Scholarship bill becomes law — despite Otter’s concerns

Some Idaho students will be eligible for a new $1 million scholarship program — but Gov. Butch Otter has reservations about the plan.

On Friday, Otter allowed the program to become law, but without his signature. That action carries the same effect as signing the bill into law, and stops short of a gubernatorial veto. But in a two-page letter Friday, Otter registered his concerns about funding for the new scholarship program.

“It is quite possible there will be students who meet all of the requirements and still not receive a scholarship,” Otter wrote.

Otter’s decision extends to two new laws. House Bill 477 sets up a new scholarship program for students who accumulate college credits while in high school. House Bill 645, a spending bill, bankrolls the program for 2016-17.

Ryan Kerby
Rep. Ryan Kerby, R-New Plymouth

Under HB 477, students who earn 10 to 19 college credits can receive a $1,000-a-year scholarship for two years. Students with 20 or more credits can receive $2,000 a year for two years, while high school graduates earning an associate degree can receive a full scholarship for two years.

The money comes with two conditions. Students must secure matching scholarships from private industry, and they must attend college in Idaho.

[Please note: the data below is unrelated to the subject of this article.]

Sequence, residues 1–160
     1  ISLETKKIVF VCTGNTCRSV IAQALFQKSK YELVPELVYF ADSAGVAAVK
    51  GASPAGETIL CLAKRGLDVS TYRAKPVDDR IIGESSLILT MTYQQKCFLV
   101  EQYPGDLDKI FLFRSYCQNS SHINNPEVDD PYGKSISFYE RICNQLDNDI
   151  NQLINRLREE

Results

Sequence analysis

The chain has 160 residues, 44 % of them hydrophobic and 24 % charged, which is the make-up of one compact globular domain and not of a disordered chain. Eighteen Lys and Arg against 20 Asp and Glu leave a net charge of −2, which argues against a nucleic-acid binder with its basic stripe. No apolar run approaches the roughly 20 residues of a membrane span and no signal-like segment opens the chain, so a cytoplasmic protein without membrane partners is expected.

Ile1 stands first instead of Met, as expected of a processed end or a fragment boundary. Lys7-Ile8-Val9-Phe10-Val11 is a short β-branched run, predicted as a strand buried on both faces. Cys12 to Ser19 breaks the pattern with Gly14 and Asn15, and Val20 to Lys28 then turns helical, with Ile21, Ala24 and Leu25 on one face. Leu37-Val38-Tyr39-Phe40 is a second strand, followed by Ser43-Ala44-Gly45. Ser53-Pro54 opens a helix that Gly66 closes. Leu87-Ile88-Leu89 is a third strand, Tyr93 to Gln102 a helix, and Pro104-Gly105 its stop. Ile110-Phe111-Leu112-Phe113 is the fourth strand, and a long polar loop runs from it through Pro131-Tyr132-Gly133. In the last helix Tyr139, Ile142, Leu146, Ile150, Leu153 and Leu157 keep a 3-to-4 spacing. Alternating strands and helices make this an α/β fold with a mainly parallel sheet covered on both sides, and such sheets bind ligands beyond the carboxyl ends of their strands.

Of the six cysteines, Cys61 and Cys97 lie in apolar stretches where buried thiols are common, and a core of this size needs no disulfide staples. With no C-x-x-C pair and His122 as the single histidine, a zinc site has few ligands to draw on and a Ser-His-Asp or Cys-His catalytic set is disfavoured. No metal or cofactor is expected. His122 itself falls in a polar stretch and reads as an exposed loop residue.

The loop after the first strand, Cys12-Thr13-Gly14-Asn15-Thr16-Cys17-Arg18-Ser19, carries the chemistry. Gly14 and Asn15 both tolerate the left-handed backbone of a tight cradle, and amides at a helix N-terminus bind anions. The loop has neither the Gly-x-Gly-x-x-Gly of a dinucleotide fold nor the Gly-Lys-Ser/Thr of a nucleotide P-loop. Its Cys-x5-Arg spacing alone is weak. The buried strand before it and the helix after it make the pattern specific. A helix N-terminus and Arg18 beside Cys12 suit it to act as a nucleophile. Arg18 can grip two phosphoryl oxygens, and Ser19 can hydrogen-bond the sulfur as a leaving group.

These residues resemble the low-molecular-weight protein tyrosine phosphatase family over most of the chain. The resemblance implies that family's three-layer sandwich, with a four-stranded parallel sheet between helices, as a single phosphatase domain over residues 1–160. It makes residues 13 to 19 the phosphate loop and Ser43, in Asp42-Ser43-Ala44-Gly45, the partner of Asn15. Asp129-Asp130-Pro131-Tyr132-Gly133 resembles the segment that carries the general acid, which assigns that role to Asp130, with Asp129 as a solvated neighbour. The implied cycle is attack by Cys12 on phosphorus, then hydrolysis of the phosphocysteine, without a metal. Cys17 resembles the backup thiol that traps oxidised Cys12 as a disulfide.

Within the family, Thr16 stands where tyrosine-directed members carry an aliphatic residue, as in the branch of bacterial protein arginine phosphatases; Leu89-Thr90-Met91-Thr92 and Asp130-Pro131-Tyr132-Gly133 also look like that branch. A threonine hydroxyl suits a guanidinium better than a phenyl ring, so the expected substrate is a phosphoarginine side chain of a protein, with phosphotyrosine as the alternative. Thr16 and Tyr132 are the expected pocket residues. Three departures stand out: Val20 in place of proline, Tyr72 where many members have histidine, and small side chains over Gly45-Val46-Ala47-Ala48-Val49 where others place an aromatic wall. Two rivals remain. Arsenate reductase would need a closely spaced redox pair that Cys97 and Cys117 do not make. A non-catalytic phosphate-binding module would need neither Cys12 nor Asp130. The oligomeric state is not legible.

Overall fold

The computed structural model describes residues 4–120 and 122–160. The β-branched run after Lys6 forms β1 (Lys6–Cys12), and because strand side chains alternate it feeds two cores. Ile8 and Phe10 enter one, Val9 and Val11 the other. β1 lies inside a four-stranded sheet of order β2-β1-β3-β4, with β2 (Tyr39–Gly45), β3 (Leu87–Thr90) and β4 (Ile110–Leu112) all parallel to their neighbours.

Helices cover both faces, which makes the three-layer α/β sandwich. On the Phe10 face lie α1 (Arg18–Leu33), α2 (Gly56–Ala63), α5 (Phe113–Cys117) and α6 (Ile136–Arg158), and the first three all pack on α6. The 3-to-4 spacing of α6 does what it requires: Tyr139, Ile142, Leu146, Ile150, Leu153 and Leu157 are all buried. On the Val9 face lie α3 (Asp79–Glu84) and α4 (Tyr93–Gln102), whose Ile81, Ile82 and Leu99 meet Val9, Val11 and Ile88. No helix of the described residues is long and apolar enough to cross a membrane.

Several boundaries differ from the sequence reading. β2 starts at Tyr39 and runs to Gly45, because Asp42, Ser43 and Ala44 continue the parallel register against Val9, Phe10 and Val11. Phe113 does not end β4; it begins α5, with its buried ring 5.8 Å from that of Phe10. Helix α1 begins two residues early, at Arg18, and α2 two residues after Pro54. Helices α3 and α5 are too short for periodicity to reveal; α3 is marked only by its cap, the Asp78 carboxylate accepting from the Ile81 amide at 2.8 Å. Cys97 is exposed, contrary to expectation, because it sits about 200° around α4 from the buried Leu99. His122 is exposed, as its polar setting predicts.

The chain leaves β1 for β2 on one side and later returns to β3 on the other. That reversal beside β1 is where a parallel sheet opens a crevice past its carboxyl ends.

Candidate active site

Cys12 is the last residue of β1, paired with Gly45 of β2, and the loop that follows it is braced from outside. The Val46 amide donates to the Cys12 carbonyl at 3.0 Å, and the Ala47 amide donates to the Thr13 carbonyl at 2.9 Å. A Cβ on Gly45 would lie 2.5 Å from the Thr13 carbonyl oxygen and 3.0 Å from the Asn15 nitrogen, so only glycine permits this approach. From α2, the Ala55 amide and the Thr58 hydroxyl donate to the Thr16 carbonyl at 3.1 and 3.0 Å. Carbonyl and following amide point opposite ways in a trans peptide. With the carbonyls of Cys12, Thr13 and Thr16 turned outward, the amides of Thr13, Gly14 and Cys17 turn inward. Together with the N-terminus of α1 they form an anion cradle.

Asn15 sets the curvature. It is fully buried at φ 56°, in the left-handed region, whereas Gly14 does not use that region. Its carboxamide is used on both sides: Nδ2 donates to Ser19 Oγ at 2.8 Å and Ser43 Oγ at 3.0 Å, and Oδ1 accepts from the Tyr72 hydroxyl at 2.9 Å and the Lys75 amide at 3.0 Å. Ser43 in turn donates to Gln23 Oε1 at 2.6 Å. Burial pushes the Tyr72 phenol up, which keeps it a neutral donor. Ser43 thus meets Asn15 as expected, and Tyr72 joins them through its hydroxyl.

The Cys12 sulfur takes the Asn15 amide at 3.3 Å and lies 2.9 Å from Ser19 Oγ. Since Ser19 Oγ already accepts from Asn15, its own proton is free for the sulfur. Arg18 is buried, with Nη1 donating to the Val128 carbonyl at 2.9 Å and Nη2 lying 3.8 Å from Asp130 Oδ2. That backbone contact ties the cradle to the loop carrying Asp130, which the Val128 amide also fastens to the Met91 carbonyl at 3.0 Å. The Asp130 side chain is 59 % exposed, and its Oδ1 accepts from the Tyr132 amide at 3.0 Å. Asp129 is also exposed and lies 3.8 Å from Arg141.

The bill’s sponsor, Rep. Ryan Kerby, R-New Plymouth, pitched the scholarship plan as a way of encouraging students to pursue their college education in Idaho. Legislators appeared to agree. Both bills sailed through both houses with scant opposition.

In his letter, Otter voiced support for the concept — invoking the state’s goal of boosting its lagging college graduation rates. Otter and other state leaders want 60 percent of Idaho’s 25- to 34-year-olds to have a postsecondary degree by 2020; according to the most recent numbers, Idaho is lagging at a 42 percent completion rate.

“I encourage legislators to work with the State Board of Education to refine the requirements of this new program and monitor its implementation to ensure adequate funding is provided and that the program is supporting progress toward the 60 percent goal,” he wrote.

Friday’s action caps a session that saw mixed results on the college affordability front. Lawmakers funded a $5 million expansion of the Idaho Opportunity Scholarship. But the Senate rejected a scholarship bill aimed at adults returning to school, and Otter’s “tuition lock” bill to freeze college costs never got a legislative hearing.

Friday marked the last day for Otter to act on the remaining bills passed by the 2016 Legislature, which adjourned two weeks ago.